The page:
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NAACP Questions Rash of Police Shootings

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By BVN Staff

During a Monday afternoon press conference, the San Bernardino Branch of the National Association of Colored People (NAACP), is seeking answers to the recent increase of officer-involved shootings amongst minorities within the San Bernardino community.

“We’re a city of over 200,000,” states NAACP Chair Walter Hawkins “and it’s a city that’s basically a non-White city so the incidences we’re talking about or concerns if you have a city that’s over 70% non-White and you a have a police department that’s primarily White and you’re interacting with those citizens, that has created a problem.” The recent shooting and death of Anthony Paul Gilmore, Jr. (23) of Rialto, during a traffic stop on February 29, 2012 is only one case cited by the NAACP.

According to a police statement released after the shooting, Gilmore grabbed a weapon during a struggle with an officer. Other police shootings and misconduct and abuse of authority cases were 19-year-old Jerriel Da’Shawn Allen, killed by a San Bernardino police officer on April 14, 2007; 16-year-old Jonneshia Reese, excessive force on January 8, 2006; and Terrell Markham shot by a police officer who is now blind.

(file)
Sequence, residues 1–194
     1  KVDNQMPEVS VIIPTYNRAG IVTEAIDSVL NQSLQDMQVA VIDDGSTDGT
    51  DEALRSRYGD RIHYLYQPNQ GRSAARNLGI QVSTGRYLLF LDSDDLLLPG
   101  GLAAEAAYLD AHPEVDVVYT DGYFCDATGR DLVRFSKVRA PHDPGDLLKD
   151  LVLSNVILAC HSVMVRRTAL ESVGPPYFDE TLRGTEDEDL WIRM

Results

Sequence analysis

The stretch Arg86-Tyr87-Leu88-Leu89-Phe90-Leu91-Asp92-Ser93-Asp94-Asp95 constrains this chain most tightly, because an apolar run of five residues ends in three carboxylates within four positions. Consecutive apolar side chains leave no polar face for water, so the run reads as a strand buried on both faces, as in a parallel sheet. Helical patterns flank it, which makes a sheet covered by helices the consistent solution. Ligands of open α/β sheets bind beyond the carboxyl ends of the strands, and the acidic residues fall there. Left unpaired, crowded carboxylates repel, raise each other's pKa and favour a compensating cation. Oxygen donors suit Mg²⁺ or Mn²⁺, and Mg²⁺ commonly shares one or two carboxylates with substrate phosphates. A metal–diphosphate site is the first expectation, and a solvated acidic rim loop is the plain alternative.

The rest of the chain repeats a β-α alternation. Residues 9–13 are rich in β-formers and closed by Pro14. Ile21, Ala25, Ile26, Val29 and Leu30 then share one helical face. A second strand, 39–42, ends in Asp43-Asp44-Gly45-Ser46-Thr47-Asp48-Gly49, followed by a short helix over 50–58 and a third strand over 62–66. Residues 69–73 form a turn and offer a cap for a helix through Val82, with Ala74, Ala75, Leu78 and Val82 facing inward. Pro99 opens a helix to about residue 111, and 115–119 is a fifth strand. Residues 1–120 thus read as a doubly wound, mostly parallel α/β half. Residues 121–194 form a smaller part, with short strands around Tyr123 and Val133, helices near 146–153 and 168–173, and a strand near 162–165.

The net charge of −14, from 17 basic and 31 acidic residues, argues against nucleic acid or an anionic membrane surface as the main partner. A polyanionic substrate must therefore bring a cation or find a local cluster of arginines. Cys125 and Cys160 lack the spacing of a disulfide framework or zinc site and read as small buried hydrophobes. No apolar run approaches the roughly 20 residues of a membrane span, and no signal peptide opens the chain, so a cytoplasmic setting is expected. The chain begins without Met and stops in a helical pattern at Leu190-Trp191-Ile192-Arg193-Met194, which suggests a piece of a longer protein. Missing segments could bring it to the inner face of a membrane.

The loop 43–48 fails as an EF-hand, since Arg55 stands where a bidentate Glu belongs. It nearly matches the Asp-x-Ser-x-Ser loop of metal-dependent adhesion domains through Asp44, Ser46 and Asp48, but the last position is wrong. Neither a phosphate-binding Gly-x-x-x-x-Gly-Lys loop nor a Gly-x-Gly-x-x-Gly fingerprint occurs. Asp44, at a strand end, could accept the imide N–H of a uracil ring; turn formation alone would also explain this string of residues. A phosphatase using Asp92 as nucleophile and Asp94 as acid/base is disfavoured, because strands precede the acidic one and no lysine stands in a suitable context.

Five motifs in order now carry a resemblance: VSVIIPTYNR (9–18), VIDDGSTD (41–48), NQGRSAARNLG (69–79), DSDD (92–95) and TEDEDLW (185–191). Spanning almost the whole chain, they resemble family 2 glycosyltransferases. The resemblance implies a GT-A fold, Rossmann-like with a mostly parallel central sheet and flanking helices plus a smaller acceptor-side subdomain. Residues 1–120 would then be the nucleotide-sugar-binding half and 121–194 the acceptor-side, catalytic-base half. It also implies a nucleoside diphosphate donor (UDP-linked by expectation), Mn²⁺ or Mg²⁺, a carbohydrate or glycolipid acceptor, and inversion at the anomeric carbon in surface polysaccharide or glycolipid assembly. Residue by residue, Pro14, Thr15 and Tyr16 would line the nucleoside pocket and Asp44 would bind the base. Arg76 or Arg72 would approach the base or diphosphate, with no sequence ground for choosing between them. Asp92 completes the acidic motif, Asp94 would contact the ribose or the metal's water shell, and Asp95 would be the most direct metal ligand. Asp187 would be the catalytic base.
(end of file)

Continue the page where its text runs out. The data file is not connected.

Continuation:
The NAACP alleges that the City of San Bernardino has twenty-three open legal cases against the city with the majority of those cases involving the police department.

NAACP Branch President, Patricia Smalls states, “The NAACP is not making a blanket statement that all police are guilty of these deadly shootings or using excessive force in the treatment of our Black and Latinos citizens. Nor or we saying that some of these incidents might not be justified as they perform their duty. However, most of these shootings involve Blacks and Latinos subjects with the same old line; I thought he was reaching for or had a gun so I shot him in self-defense.”

“If it was one shooting then it would go unchallenged as many of these have in the past. However, when you look at them as a group, as we have done; we think we have a problem in our police department in racial attitudes and a lack of police training protocols in the performance of their duties,” she continued.

The SB NAACP is seeking answers from elected officials whom they state might be “enablers” of the problem.

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